Commercial truck drivers may be concealing health conditions that put other motorists at risk. One such condition is sleep apnea, which can cause pauses in breathing throughout the night. Sufferers of sleep apnea may wake up multiple times each night and experience excessive daytime drowsiness.
Truck drivers are required to pass health screenings before operating big rigs, but such tests currently depend on honesty. Some drivers may hide conditions that put other people in danger. Federal Motor Carrier Safety Administration policies have sought to test for and treat drivers with sleep apnea, but have been unable to carry out such regulations.
Truck accidents involving drowsy commercial drivers are horrific and often deadly. In April of 2015, a truck driver with a history of sleep apnea plowed into a line of cars on I-16 in Georgia. Five nursing students who were on the way to their last training shift for the year lost their lives. Had a sleep apnea testing rule been in place, it is possible these students would not have died.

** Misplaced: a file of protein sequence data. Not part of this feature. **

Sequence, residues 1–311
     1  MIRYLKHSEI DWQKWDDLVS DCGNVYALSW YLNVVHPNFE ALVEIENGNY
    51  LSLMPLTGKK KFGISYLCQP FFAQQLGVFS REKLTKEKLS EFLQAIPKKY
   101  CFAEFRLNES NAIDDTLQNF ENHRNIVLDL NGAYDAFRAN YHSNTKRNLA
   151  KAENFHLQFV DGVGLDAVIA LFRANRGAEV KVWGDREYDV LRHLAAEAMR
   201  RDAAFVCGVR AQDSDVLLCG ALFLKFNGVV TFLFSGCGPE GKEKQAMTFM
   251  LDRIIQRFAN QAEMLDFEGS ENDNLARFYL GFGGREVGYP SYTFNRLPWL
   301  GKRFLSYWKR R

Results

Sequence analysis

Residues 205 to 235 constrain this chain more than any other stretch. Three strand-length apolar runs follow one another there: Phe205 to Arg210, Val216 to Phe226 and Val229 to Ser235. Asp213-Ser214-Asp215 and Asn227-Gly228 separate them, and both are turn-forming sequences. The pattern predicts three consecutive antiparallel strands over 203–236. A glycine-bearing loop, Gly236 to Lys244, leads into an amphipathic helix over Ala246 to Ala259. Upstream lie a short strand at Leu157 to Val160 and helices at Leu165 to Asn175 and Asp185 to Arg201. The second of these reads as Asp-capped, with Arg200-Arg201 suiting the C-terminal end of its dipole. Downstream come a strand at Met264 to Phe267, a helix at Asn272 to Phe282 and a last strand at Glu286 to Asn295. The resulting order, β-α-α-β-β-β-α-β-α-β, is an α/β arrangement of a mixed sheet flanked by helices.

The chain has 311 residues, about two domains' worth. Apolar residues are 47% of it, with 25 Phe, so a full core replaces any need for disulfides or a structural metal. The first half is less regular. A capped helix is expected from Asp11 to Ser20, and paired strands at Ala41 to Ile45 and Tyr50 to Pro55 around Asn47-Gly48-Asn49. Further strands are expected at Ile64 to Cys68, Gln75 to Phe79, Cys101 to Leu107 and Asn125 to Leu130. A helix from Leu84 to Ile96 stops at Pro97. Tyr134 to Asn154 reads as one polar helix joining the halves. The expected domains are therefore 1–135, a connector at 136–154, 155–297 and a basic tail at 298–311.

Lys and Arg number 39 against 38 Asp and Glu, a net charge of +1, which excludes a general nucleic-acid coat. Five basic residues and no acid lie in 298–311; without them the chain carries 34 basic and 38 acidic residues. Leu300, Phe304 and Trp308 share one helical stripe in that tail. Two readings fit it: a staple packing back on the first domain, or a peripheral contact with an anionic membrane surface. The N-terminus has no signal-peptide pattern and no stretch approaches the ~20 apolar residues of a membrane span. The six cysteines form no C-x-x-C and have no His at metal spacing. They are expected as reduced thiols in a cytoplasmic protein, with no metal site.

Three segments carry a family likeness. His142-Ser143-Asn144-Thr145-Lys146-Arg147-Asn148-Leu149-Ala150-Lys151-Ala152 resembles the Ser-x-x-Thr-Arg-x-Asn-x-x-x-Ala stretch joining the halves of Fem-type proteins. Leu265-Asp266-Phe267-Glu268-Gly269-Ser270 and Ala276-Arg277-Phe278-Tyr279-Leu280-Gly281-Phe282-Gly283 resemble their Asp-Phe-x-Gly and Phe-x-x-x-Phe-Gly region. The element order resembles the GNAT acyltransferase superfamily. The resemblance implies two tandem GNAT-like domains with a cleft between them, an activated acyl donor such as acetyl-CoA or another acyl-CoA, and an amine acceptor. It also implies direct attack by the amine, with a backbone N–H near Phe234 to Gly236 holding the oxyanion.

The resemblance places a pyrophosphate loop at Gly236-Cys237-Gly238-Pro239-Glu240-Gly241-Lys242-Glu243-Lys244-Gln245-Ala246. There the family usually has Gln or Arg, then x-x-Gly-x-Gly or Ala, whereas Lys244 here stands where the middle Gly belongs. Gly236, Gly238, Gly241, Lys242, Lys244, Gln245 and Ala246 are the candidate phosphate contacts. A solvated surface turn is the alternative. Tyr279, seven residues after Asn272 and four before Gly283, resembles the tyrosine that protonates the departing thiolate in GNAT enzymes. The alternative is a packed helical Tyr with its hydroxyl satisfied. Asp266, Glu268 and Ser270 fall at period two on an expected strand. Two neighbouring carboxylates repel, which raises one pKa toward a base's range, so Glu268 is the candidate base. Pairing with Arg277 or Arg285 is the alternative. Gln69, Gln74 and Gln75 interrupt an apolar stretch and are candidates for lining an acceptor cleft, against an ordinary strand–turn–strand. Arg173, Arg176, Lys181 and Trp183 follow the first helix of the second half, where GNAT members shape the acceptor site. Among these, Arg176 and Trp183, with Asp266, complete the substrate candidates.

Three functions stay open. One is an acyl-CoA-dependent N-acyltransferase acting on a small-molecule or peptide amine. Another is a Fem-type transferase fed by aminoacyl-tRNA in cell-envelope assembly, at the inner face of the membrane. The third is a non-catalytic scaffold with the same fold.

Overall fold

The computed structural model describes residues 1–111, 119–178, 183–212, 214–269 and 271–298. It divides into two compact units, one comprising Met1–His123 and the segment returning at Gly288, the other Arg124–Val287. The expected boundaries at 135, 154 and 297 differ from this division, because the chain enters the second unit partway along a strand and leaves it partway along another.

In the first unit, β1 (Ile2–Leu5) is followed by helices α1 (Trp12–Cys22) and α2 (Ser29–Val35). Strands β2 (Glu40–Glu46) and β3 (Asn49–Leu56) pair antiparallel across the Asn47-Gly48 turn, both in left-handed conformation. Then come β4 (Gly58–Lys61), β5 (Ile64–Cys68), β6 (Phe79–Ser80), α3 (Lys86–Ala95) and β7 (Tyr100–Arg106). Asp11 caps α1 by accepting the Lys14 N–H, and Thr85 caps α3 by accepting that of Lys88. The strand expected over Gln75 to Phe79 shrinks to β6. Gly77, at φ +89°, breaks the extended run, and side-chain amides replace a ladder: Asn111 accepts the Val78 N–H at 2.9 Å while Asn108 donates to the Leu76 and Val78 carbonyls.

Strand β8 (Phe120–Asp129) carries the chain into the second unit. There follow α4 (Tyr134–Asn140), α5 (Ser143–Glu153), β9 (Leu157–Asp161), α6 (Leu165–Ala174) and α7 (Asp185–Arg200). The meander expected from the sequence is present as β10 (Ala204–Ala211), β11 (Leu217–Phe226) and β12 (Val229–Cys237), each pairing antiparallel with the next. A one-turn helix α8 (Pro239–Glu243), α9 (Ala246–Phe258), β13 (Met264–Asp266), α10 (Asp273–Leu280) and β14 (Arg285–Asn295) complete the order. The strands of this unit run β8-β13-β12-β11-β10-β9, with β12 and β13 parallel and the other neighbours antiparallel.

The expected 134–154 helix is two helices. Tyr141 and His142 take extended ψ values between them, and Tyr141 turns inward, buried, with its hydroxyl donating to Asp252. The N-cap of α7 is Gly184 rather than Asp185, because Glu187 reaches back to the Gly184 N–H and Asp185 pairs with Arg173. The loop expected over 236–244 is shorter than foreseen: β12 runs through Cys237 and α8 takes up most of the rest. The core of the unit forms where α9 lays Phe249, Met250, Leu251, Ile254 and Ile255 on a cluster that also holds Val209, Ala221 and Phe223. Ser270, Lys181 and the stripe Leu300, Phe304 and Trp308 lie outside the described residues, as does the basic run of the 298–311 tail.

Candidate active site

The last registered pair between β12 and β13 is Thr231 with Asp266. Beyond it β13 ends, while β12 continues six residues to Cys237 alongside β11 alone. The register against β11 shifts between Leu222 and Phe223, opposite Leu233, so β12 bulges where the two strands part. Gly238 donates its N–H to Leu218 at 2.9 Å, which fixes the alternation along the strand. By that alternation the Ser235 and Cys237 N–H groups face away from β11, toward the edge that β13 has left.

Are Truck Drivers with Sleep Apnea More Likely to Crash?
A recent Harvard School of Public Health study revealed truck drivers with sleep apnea are five times more likely to be involved in an accident. The study should be unsurprising, as driver fatigue is associated with 328,000 auto accidents every year.
Unfortunately, trucks weigh tens of thousands of pounds and are more likely to kill multiple people during collisions. When truck drivers conceal a treatable condition from their employer, and it results in an accident, they must be held accountable.
The Lafayette personal injury attorneys at Galloway Jefcoat have 20 years of experience holding negligent companies accountable for causing accidents.